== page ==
The 10 most savage putdowns in pop music

Looking for a zinger? The world of pop has your back

The world of pop music is filled with confrontation, sass and buckets of attitude. The perfect place, then, to mine for putdowns that you can use in your real life. If you need an exceptional insult to cut someone to ribbons, you have categorically come to the right place.

Now, many putdowns in pop are specific to a certain person – see John Lennon taking aim at Paul McCartney on 1971’s ‘How Do You Sleep?’ (“Those freaks was right when they said you was dead…”). Or even Kanye West making an outrageous and provably incorrect claim about Taylor Swift, who had sold millions of records by the time he infamously upstaged her at the 2009 VMAs, of which he rapped, on 2016’s ‘Famous’, “I feel like me and Taylor might still have sex / Why? I made that bitch faaaamous”.

Yet we’re here to look at vaguer, most useable putdowns that you can borrow, divorced of context, to sear someone who needs putting in their place. Friends, prepare to breathe fire, for your enemies will never be the same once you’ve inhaled these – the greatest putdowns in pop music.

The Streets, ‘Fit But You Know It’


“See, I reckon you’re about an eight or a nine”, Mike Skinner muses on this 2004 suntan and sangria indie-rap banger, “Maybe even nine and a half in four beers’ time” – what a charmer! – before he delivers his killer blow: “You’re fit – but my gosh, don’t you just know it?” If you want to watch the sun go down on someone’s vanity, this is the track to do it with.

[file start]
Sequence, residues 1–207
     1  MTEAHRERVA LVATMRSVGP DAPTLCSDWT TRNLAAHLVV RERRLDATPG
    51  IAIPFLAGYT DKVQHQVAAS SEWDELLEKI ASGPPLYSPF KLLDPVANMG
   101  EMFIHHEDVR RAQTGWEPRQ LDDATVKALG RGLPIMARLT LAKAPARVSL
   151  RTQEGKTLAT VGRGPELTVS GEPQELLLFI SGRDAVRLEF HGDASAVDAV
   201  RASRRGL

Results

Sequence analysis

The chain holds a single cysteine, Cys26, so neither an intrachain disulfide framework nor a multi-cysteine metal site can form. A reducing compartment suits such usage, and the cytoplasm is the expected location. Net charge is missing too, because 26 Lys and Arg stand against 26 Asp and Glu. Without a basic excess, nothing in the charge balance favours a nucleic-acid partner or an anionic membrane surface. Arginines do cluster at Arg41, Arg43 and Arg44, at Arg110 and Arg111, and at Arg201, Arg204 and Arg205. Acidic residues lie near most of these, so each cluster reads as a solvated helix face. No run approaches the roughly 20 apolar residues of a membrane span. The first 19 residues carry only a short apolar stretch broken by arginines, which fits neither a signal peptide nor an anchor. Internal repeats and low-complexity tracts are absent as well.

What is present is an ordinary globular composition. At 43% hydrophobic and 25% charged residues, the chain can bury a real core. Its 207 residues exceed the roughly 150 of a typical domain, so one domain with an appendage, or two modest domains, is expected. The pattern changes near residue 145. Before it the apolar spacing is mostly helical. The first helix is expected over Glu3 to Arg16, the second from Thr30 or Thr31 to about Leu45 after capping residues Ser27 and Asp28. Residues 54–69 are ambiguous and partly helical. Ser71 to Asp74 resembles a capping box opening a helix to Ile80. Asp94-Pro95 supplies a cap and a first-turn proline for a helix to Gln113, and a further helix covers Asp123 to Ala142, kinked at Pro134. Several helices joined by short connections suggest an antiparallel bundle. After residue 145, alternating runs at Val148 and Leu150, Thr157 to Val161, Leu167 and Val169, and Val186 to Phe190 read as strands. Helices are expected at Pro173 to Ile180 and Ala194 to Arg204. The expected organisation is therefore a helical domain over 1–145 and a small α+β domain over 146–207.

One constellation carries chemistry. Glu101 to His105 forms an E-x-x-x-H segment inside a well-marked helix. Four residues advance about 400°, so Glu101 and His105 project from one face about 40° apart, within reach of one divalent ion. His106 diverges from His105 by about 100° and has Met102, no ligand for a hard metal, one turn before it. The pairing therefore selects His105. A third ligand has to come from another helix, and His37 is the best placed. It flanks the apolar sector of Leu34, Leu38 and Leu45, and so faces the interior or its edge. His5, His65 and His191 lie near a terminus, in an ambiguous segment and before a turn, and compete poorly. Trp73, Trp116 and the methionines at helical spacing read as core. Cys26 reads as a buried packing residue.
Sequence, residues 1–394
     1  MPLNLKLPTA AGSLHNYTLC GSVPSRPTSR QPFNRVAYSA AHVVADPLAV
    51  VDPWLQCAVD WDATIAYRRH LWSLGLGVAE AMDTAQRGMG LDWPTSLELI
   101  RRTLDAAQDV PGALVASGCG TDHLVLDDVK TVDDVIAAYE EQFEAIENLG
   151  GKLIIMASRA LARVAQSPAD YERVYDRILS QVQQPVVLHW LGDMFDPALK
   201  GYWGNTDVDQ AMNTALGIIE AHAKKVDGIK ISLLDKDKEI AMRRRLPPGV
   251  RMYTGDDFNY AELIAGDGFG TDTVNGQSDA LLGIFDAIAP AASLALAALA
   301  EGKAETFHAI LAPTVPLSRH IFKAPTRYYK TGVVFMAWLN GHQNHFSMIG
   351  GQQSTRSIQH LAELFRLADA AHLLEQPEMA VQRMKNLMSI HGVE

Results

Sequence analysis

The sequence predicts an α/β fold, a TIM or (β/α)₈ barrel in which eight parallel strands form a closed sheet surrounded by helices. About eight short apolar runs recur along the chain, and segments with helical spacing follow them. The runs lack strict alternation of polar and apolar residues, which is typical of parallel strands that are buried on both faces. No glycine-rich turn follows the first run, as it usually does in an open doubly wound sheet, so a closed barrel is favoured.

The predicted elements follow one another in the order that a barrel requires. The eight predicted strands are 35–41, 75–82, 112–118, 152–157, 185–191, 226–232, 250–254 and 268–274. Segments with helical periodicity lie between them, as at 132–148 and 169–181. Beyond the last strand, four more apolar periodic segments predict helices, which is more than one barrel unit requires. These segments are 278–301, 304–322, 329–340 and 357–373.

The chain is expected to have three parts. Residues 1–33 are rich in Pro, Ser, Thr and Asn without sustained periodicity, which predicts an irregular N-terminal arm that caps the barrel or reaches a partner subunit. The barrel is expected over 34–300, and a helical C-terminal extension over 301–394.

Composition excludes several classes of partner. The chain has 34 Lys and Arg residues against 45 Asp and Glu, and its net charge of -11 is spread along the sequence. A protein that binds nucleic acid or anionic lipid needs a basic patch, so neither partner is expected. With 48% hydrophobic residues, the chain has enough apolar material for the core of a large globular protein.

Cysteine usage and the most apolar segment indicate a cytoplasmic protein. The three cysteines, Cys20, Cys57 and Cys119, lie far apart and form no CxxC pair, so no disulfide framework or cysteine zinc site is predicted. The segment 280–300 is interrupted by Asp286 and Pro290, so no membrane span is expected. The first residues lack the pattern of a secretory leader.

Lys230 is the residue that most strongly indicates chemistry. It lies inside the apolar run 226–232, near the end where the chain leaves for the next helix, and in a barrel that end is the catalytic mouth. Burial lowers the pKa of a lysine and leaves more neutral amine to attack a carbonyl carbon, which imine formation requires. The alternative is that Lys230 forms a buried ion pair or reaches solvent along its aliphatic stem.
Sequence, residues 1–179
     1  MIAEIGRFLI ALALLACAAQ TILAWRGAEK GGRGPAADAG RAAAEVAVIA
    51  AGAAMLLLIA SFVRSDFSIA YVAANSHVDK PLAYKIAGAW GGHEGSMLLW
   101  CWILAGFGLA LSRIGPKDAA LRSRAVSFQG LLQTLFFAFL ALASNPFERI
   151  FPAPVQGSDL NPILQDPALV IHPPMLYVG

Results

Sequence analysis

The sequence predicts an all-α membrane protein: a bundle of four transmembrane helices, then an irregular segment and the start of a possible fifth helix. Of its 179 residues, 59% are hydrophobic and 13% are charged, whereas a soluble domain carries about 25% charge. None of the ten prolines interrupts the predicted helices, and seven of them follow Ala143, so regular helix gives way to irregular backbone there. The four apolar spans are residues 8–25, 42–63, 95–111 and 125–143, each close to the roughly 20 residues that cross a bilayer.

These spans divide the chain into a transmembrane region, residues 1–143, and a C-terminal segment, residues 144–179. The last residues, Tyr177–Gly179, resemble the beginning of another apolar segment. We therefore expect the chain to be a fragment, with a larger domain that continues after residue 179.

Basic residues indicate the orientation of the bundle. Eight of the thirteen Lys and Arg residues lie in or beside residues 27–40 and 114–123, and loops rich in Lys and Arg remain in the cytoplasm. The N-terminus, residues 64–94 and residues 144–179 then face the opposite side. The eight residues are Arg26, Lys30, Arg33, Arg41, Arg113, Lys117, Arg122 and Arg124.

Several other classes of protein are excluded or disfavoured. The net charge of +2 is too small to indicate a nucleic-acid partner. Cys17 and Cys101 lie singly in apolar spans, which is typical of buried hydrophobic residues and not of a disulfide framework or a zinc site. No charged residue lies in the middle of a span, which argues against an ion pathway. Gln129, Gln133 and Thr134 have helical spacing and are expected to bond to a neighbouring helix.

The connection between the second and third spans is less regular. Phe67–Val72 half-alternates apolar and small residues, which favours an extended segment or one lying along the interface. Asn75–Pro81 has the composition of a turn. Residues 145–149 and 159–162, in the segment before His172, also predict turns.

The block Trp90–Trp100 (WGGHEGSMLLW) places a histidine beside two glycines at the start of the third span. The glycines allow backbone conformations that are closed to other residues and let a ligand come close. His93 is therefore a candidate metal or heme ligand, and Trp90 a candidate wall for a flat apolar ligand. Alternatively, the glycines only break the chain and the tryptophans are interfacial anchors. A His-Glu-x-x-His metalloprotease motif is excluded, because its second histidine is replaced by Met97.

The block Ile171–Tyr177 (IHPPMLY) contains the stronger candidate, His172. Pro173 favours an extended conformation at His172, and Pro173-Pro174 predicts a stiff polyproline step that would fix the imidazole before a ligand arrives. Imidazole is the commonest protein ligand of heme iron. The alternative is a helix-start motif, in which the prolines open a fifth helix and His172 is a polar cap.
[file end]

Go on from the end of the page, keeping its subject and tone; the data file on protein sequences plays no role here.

Kate Nash, ‘Foundations’

She returned this year with the uneven but occasionally excellent fourth album ‘Yesterday Was Forever’, though for many the musician/actor (catch her in the upcoming second season of awesome Netflix wrestling drama Glow) achieved her crowing glory to date with the lyrics to this 2007 sass-fest. You can almost see her rolling her eyes when she sings, “You said I must eat so many lemons / Cause I am so bitter.” Yet her retort is one for the ages: “I said, ‘I’d rather be with your friends, mate / Cause they are much fitter.'” Round two! Ding-ding!

Taylor Swift, ‘Mean’

Even pre-1989 mega-fame, Tay had a knack for playing the part of the everywoman, the person who beams your own hopes and fears back at you. “It’s like you’re reading my mind, man!” you think. Her powers of relatability were riding high with this 2010 country-pop belter, on which she speaks out for all those local yokels who feel out of step with small-town life, and dream of making it in the metropolis. “Someday I’ll be living in a big old city,” she promises the bullies, “And all you’re ever gonna be is mean.” Take that, you bloody hillbilly!

Carly Simon, ‘You’re So Vain’


Well, it’s the ultimate pop putdown, isn’t it? Altogether now: “You’re so vain / You probably think this song is about you.” This 1972 classic caught music fans’ imaginations to such that an extend that speculation over the subject’s identity raged for more than three decades – some said it was about Mick Jagger, others that it flamed James Taylor. Yet in 2015 the singer admitted thats it caught Warren Beatty in its crosshairs, choosing a deliciously pointed turn-of-phrase:  “I have confirmed that the second verse is Warren. Warren thinks the whole thing is about him.”